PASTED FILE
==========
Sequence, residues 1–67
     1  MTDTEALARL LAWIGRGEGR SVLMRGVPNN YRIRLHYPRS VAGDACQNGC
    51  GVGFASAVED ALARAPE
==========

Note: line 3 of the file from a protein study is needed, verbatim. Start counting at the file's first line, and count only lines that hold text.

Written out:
    51  GVGFASAVED ALARAPE